How to Tell the Difference Between Good and Bad Debt
What is the difference between a good debt and a bad debt to take on? We explain which loans or credit products could help or harm your finances long-term.
While some debts can cause financial hardship, other debts are considered more healthy borrowing. How can you distinguish between a good debt and a bad debt to take on?
Debt is often viewed as a negative, with many debts causing financial worry and hardship. There are also some good debts which can improve your financial situation, when managed responsibly. 8.9 million UK citizens have borrowed more due to the global Coronavirus pandemic, according to the Money Statistics Report for this year, which means that many of us are in debt. How do you distinguish between a good debt and a bad debt to take on?
What is a good debt?
Good debt, or healthy borrowing, are items which can be used either to generate more income or to invest in essentials or valuable assets. A good question to ask yourself when considering whether something is good or bad debt, is: will it improve my personal finances in the long term?
Sometimes debt may even be good for your credit score, provided that you can afford the payments and always make them on time. This helps lenders to view you as a responsible borrower.
To be considered a good debt, the debt must have:
- Affordable repayment and interest terms;
- Lasting value, for example it will increase your wealth in the long-term, or is an essential item
Examples of good debt
Some examples of good debt that many people take on are:
- Business loans – many small businesses rely on borrowing in the form of business loans;
- Home mortgages – most people require a mortgage when buying a home;
- Student loans – many students borrow to fund both their university education and living costs while they are studying. The average full time maintenance loan borrowed by students in England increased by 5.1% in the last academic year, according to the UK government’s National Statistics on Student Support for Higher Education in England 2020.
Saving instead of borrowing
While some borrowing can be healthy, saving money to use to fund these long-term investments is also important. As per the UK Savings Statistics 2020, an average UK citizen saves around £105.43 every month. If you can pay for the items that you need without taking on any debts this is usually preferable.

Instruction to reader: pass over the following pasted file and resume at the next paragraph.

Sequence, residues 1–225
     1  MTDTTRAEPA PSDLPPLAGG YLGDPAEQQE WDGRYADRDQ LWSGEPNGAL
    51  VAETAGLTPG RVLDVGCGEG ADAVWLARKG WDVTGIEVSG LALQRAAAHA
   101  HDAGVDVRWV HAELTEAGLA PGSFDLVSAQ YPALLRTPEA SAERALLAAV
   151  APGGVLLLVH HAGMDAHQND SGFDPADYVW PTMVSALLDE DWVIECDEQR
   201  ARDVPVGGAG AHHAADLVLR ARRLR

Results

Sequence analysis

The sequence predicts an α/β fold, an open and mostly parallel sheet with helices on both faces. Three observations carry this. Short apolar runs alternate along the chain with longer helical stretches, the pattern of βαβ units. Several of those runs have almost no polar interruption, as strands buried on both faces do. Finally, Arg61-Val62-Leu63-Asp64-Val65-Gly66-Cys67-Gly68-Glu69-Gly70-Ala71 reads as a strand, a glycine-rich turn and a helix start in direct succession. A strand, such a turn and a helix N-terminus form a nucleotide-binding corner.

Things to consider before taking on good debt
When you consider borrowing any money, you should consider the interest rate and bear any high interest rates in mind to make sure that you can meet the monthly payments. The interest rate is the percentage that is charged on the principal amount which is borrowed from the bank. As per the Bank Rate UK, the interest rates might vary from 5.5% to 7.5% based on the bank and the credibility of the borrower and can even increase in some cases.
You should always check your financial health before borrowing money. If you have a poor credit score, this is likely to impact your chances of accessing a loan or other financial products. This is because lenders view credit history as a clue to your future loan repayment habits.
When thinking about whether to borrow money, evaluate your monthly income and expenses and make sure you plan for the long term before making the financial decision.
What is considered bad debt?
Generally speaking, bad debt is when the money borrowed is for items that do not have lasting value or when keeping up with the payments is unachievable.
An example of this is payday loans, which may often have high interest rates and quick turnarounds to pay back the loan. In the short term, payday loans may seem like a way to solve problems affording essential and non-essential items, however this solution can often add additional debt. Additional charges can sometimes be added if you miss repayments or pay late.
Alternatives to bad debt
One of the alternatives to taking on unaffordable loans is a debt consolidation loan. Debt consolidation loans can be used to consolidate your debts, such as credit cards and payday loans, into one affordable monthly payment that you are able to pay back.
Although consolidation loans have interest, for some people they are a better alternative to taking on bad debt because the repayments are calculated based on affordability.
Debt consolidation loans may be an option even for those with a poor credit score and in some cases, debt consolidation loans may also improve your credit score if you make the correct repayments on time.Apply Now
APRs from 5.8% to 89.9%
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Unsecured Loan Representative 69.9% APR
Borrowing £7,500 over 36 months, repaying £502 per month, total repayable £18,083. Total cost of credit £10,583. Interest rate 69.9% (variable). The lenders on our panel offer loans for 12-60 months, with rates from 5.8% APR to 89.9% APR. The Representative Example is based on all loans paid out by lenders between 19th Apr 2022 and 23rd Dec 2022.
Secured Representative 11.7% APR
If you choose to add fees to the loan: Assumed borrowing of £25,000 over 120 months, plus a broker fee of £2,500 and a lender fee of £250 would result in monthly repayments of £345.55, the borrowing rate is 8.6% (variable), the APRC is 11.7% (variable), total charge for credit £16,466.00 and the total amount payable £41,466.00. You can opt to pay the lender and/or broker fees upfront, your adviser will discuss these options with you.
Think carefully before securing other debts against your home. Your home may be repossessed if you do not keep up repayments on a mortgage or any debt secured on it. All rates vary subject to loan amount, loan type and status. Repaying your debt over a longer period of time may increase the amount you pay.